- Other Ingredients: This is potentially the most important part of a supplement label. The example shown above is from a company that uses no fillers or excipients, so the only “other” ingredient is a non-GMO vegetable cellulose capsule. Other supplements may use ingredients that are known to be allergenic, artificial, or potentially toxic. In the example shown below, note the wide variety of other ingredients, many of which are artificial and/or potentially toxic or allergenic:
It is also important to note on the label shown above that a single serving is four gummies, and that one bottle only contains enough gummies for 15 days. Also note that this supplement contains as much caffeine as a cup of coffee. If a vitamin is sourced from whole foods, it should not need to have caffeine added as an energy booster. Natural, food-based vitamins very naturally boost energy levels without the addition of caffeine.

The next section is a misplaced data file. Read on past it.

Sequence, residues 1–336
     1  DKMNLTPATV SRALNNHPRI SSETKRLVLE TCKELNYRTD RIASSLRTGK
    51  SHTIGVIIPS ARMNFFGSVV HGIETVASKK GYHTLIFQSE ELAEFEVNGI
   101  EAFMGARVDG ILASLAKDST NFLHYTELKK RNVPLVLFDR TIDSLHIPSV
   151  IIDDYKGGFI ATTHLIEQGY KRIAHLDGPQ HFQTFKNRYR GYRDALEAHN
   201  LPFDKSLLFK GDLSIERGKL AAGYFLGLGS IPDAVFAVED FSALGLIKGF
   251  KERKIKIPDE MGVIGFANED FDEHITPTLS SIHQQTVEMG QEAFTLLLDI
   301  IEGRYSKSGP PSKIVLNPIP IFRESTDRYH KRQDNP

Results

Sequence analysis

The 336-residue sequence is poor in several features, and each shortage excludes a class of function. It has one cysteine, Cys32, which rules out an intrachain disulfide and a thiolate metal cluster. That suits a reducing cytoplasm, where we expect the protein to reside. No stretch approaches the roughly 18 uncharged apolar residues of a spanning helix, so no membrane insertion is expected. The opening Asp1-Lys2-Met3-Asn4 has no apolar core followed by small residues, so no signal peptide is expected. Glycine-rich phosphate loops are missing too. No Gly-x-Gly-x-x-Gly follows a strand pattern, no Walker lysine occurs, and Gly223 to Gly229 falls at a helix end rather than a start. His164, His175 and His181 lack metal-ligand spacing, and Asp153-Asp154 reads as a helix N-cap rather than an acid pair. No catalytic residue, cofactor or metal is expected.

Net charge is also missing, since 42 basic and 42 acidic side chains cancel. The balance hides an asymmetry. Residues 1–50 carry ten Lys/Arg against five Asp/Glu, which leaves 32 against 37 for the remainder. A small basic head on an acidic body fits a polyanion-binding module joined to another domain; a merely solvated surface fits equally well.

Another item to take note of on supplement labels is:
- % Daily Value: This refers to the percent of the Recommended Daily Amount (RDA) the indicated nutrient provides. It is important to note that the RDA references the minimum amount of nutrients required to remain alive, not the amounts needed to achieve maximum health. It is therefore neither uncommon nor dangerous for a supplement to contain 1200% of the RDA, which is common on many B12 supplements. I personally don’t pay any attention to the RDA, as I know maximum health usually requires higher amounts of nutrients than those reflected by the RDA. Many nutrients contained in supplements do not have established RDA. Those nutrients typically show a cross symbol or an asterisk under the RDA column.
Here is one more example of a supplement label. This label is for a liquid, so the nutrient list shows the nutrients contained in the liquid, and the actual ingredients are shown as “Ingredients::
Your next assignment is to go read the labels for the supplements you take. Let me know if you find anything surprising!